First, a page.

Number one — we can create more centers for high-tech manufacturing in America. Last year, my administration created our first manufacturing innovation institute. We put it in Youngstown, Ohio, which had been really hard-hit when manufacturing started going overseas. And so you have a once-shuttered warehouse — it’s now a state-of-the art lab where new workers are mastering what’s called 3-D printing, which has the potential to revolutionize the way we make everything. That’s the future. And there’s no reason that those same kinds of projects can’t take root in other cities and towns.
So last night, I announced the launch of three more institutes. And I’m calling on Congress to help us set up 15 institutes –- global centers of high-tech jobs and advanced manufacturing around the country. (Applause.)
The second thing we need to do is make our tax code more competitive. Right now, companies get all kinds of tax breaks for moving jobs and profits overseas, but companies that stay here get hit with one of the highest tax rates in the world. That doesn’t make any sense. So what I’m proposing is that we reform our tax code, stop rewarding businesses that ship jobs overseas, reward companies that are creating jobs right here in the United States of America. That makes sense. (Applause.)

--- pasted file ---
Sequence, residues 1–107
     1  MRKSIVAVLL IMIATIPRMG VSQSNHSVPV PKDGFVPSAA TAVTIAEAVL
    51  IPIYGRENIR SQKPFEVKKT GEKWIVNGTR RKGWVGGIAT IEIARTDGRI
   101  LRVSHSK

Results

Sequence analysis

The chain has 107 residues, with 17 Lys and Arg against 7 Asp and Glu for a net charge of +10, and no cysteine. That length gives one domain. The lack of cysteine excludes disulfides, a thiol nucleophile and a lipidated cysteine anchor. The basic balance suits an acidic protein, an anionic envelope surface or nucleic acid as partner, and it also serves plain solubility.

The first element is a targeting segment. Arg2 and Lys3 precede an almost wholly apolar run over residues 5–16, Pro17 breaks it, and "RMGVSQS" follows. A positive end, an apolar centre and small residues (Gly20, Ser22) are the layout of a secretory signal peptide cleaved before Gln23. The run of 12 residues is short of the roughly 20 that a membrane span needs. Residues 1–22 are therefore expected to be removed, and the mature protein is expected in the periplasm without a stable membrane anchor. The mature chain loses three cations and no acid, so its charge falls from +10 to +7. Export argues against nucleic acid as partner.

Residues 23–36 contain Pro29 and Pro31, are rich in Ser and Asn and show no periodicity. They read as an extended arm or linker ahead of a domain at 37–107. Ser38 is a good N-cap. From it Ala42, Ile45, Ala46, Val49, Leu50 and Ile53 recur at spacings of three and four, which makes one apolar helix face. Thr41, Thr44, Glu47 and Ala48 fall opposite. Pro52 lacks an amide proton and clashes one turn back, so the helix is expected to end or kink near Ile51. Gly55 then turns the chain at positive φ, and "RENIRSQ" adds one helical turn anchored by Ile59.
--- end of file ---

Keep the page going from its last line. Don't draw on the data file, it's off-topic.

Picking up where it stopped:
Number three — if you’re a manufacturing town, especially one that’s taken a hit — that’s seen a company close up shop or a plant shut down — I want to partner with local leaders to help you attract new investment. Because once that investment starts coming in, things can start turning around. And that means infrastructure gets modernized and research facilities get built, and suddenly a community that was knocked down is getting back up, and they’re attracting new manufacturers who want to come and expand and hire.